Saddle Creek | Cursive | Reviews


Happy Hollow

Author: Brian McKinney
08/09/2006 | Amps 11 | | Album Review
Omaha's indie rock giants, Cursive, are entering their second decade as a band this year and they're not going quietly. August 22nd marks the release of Happy Hollow, their first full-length (new material) album in 3 years. Their last album, 2003's The Ugly Organ was followed up with a b-sides and rarities disc in 2005, but most Cursive fans already had most of those tracks on their respective iPods. Those familiar with the band know that The Ugly Organ was a step into new territory for Cursive. In addition to the core foursome of Tim Kasher (vocals/guitar), Ted Stevens (guitar/vocals), Matt Maginn (bass) and Clint Schnase (drums), Greta Cohn came onboard wielding a cello, and baby, the cello was anything but mellow. But alas, Greta departed the band earlier this year and instead of adding another cellist, the band decided to evolve once again and add a 5-piece horn ensemble (arranged by Nate Wolcott of Bright Eyes). Some of you might have just grimaced at the word "horn." You might be thinking, "One of the greatest indie rock bands ever just went ska?" Rest assured, this record is anything but skanking. For the most part the horns just enforce the rhythms and when they do stand out they sound a little bit Stooges-esque. No complaints here.

As would be expected, singer/songwriter Tim Kasher continues his tradition of writing superb rock songs riddled with self-deprecating and personal lyrics. There's still a heavy heaping of it, but Kasher's raised the bar and opened to gates to include subject matter as racy and controversial as religion, homosexuality, small towns melancholy and the sects that develop in civilization. In fact, the 14 tracks of Happy Hollow are referred to as the "14 Hymns for the Heathen." "Dorothy Dreams of Tornados" (or Hymn five, 'Sodom Falls To Ashes') is classic Kasher consisting of 3 minutes worth of a dying relationship in a suffocating town. New territory comes by way of double-entendre titled, "Bad Sects," a story of same sex relationships within the Church. Kasher sings in third-person, "We woke to the chimes and the bells of the steeple / And ran off to separate rooms / They can't know what we've done / Our whole world would come undone."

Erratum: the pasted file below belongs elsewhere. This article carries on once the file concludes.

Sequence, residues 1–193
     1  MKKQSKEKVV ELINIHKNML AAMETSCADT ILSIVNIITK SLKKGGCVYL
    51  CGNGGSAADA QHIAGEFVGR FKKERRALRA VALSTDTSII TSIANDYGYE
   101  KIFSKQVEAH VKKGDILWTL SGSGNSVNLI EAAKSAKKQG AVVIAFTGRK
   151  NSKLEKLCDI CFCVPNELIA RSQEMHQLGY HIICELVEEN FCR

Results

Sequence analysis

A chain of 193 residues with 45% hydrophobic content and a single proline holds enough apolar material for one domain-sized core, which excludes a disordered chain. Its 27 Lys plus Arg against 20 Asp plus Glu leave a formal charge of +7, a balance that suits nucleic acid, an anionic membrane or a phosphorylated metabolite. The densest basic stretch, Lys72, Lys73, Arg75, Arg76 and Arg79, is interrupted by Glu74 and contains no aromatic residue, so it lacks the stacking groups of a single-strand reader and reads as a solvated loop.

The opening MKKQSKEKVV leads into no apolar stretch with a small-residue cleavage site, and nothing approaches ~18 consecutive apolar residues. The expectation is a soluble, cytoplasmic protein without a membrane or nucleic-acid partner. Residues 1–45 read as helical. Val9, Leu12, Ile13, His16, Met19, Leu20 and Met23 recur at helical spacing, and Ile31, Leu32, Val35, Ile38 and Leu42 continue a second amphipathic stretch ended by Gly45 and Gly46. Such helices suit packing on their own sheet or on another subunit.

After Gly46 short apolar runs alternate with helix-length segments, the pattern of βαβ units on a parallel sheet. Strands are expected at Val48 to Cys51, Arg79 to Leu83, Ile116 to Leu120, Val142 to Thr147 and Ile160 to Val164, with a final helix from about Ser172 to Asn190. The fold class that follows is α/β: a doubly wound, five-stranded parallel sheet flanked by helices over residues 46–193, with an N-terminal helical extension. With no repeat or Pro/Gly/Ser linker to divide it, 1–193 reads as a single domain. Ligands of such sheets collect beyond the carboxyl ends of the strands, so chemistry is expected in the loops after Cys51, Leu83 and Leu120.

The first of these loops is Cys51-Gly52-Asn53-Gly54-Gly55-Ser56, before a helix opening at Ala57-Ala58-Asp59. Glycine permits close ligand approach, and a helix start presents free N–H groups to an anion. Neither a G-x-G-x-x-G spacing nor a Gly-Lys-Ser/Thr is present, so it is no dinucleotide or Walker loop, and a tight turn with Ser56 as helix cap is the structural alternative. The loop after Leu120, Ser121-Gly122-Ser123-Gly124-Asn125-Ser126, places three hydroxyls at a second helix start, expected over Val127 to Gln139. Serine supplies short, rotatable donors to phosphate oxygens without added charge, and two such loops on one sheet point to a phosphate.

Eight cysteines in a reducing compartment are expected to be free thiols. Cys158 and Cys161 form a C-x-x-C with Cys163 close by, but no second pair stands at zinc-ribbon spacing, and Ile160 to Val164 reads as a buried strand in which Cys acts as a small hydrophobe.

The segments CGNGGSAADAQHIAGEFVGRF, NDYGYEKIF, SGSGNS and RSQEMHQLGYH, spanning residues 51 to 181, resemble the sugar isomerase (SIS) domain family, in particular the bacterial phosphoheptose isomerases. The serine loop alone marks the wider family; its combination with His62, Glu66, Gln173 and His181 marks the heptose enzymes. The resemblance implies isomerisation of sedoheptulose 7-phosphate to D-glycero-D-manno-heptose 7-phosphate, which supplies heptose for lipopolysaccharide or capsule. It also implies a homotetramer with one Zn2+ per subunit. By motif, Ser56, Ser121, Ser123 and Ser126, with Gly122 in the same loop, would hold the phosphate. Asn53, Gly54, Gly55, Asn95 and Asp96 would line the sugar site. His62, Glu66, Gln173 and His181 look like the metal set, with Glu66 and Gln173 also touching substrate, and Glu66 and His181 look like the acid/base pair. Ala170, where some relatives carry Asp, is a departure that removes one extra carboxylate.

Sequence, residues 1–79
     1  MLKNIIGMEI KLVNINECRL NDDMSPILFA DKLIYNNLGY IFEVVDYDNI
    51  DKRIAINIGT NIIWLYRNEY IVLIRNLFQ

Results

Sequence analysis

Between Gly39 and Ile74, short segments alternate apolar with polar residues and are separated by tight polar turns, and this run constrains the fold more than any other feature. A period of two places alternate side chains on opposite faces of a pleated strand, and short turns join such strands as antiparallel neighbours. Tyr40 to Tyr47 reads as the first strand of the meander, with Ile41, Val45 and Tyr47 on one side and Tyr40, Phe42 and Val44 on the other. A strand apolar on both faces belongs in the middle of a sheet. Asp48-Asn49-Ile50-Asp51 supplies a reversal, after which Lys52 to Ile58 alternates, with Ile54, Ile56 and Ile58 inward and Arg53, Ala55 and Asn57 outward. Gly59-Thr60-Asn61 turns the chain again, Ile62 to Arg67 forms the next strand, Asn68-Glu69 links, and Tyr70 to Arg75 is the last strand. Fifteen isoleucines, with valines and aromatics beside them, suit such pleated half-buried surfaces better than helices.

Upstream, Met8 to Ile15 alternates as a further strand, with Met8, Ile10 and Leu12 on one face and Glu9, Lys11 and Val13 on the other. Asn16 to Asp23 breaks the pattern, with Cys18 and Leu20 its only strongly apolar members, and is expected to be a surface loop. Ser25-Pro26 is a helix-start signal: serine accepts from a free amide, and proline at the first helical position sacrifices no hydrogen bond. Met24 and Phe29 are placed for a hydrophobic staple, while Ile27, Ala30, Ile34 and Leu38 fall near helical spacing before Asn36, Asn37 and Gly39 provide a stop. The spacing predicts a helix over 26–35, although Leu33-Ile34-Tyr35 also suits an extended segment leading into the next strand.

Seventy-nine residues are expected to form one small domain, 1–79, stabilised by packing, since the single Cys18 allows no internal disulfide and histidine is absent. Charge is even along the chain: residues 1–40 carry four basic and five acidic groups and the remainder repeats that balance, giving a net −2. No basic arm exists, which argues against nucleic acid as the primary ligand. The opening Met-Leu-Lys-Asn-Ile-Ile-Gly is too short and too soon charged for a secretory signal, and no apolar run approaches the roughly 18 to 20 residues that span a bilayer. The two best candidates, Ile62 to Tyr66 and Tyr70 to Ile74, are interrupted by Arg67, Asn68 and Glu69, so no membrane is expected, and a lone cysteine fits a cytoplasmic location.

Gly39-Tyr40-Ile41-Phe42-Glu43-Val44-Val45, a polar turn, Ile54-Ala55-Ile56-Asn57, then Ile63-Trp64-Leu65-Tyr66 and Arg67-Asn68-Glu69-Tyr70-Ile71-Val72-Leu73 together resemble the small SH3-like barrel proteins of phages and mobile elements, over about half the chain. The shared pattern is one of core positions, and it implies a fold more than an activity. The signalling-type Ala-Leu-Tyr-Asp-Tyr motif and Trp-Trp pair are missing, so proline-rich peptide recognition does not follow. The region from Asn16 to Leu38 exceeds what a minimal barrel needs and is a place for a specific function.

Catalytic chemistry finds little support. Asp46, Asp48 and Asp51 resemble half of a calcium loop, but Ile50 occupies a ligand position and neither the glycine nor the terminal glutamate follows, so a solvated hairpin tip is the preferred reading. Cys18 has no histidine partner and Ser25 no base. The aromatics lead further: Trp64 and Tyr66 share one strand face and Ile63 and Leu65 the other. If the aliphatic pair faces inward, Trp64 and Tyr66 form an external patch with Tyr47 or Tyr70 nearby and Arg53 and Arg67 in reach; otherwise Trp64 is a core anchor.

Fans of The Ugly Organ will agree that Organ's highs are higher, but Happy Hollow keeps a steady pace and never lets you down. This is Cursive's most adventurous work to date and it's apparent that they've grown quite comfortable with the skin they're in. This album struts with an almost arrogant vibe, which makes it all the more refreshing.

If you want to hear Happy Hollow before every one else, a special pre-release listening party is scheduled for August 16th at The Spot on Pecan Ave in Charlotte, NC. Admission is free and there will be Saddle Creek merch giveaways. Album starts at 8pm sharp, courtesy of Queen City Independent and The Spot.
Happy Hollow

Happy Hollow

LP / CD / MP3